Britons would struggle to pay bills if interest rates doubled
Fifty-two percent said they would struggle to pay council tax and energy bills while 44 percent would need to use their savings to make ends meet. Setting interest rates is one of the ways the Bank of England can try to control the economy.
If interest rates go up, it can make borrowing more expensive, especially for homeowners with mortgages, and can rein in spending in favour of saving. Lower interest rates tend to increase spending.
People appear to understand the impact of higher inflation rates, the poll found. Three-quarters of those quizzed said correctly that repayments would increase for those not on fixed-rate mortgages.
But Ipsos Mori, who surveyed 2,100 adults, said just three in 10 knew the current interest base rate was 0.1 percent. One in five incorrectly thought it was 0.5 percent.
Flora Vieites, of Ipsos Mori, said: “While only a third of people can accurately say what the current rate is, it’s great to see that most would know what the impact of higher inflation would have on their circumstances.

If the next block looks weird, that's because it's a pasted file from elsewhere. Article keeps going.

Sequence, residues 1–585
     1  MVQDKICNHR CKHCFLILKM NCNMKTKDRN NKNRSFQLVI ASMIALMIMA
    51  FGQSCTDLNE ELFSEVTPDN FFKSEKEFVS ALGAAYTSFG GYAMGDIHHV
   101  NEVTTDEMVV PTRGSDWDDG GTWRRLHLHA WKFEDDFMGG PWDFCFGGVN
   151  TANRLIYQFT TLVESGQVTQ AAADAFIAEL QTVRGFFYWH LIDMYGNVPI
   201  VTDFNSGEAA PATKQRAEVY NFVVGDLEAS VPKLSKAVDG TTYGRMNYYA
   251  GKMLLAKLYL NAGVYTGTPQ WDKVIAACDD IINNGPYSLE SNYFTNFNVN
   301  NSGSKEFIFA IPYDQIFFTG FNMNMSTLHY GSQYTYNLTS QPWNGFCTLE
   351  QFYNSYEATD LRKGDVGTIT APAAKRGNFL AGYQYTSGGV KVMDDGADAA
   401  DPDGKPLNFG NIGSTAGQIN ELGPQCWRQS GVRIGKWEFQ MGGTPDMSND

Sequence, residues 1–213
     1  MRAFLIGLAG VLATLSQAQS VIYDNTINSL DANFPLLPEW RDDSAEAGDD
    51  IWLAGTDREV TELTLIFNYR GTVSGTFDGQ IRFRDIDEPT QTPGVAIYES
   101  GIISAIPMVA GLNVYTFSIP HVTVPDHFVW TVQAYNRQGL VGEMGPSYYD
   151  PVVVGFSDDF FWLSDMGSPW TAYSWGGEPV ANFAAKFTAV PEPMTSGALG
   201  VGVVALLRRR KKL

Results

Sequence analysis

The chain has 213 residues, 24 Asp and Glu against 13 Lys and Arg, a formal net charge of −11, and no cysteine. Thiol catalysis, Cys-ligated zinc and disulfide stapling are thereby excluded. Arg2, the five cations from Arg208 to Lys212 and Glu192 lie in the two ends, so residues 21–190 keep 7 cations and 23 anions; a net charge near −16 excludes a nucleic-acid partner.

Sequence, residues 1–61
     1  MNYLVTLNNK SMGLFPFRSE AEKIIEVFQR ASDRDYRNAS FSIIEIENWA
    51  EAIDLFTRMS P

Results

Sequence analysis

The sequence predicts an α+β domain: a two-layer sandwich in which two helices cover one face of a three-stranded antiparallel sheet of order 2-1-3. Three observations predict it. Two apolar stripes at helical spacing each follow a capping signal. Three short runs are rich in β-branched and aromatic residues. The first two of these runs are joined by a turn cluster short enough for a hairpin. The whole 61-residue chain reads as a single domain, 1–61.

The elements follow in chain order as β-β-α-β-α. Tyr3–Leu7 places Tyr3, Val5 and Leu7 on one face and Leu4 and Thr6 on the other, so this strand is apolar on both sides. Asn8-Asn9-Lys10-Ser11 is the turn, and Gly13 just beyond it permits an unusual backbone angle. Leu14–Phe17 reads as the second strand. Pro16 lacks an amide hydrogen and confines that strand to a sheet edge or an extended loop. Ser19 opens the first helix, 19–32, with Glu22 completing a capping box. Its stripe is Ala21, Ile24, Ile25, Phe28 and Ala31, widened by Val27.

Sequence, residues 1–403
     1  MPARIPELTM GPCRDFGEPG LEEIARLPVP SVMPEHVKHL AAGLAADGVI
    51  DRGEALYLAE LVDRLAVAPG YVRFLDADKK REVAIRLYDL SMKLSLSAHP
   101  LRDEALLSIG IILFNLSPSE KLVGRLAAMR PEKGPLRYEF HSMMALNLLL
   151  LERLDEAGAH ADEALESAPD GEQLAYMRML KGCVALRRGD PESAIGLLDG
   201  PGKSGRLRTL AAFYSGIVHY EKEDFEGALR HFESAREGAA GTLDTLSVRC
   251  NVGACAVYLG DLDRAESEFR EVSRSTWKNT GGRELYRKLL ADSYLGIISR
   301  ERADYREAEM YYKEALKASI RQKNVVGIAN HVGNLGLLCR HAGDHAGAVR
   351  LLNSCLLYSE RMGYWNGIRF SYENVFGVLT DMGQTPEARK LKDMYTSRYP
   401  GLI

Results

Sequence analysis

“Given our newfound freedoms, people are likely to be out spending, which may bring inflation back into line, however should that not be the case and we find inflation continuing to rise, and the furlough scheme shortly coming to an end, the proportions of those who are financially vulnerable are likely to increase.
“For many the boom and bust years of inflation are a distant memory. While we can hope it stays that way, this research shows that we need to think about who could be affected if the situation changes.”
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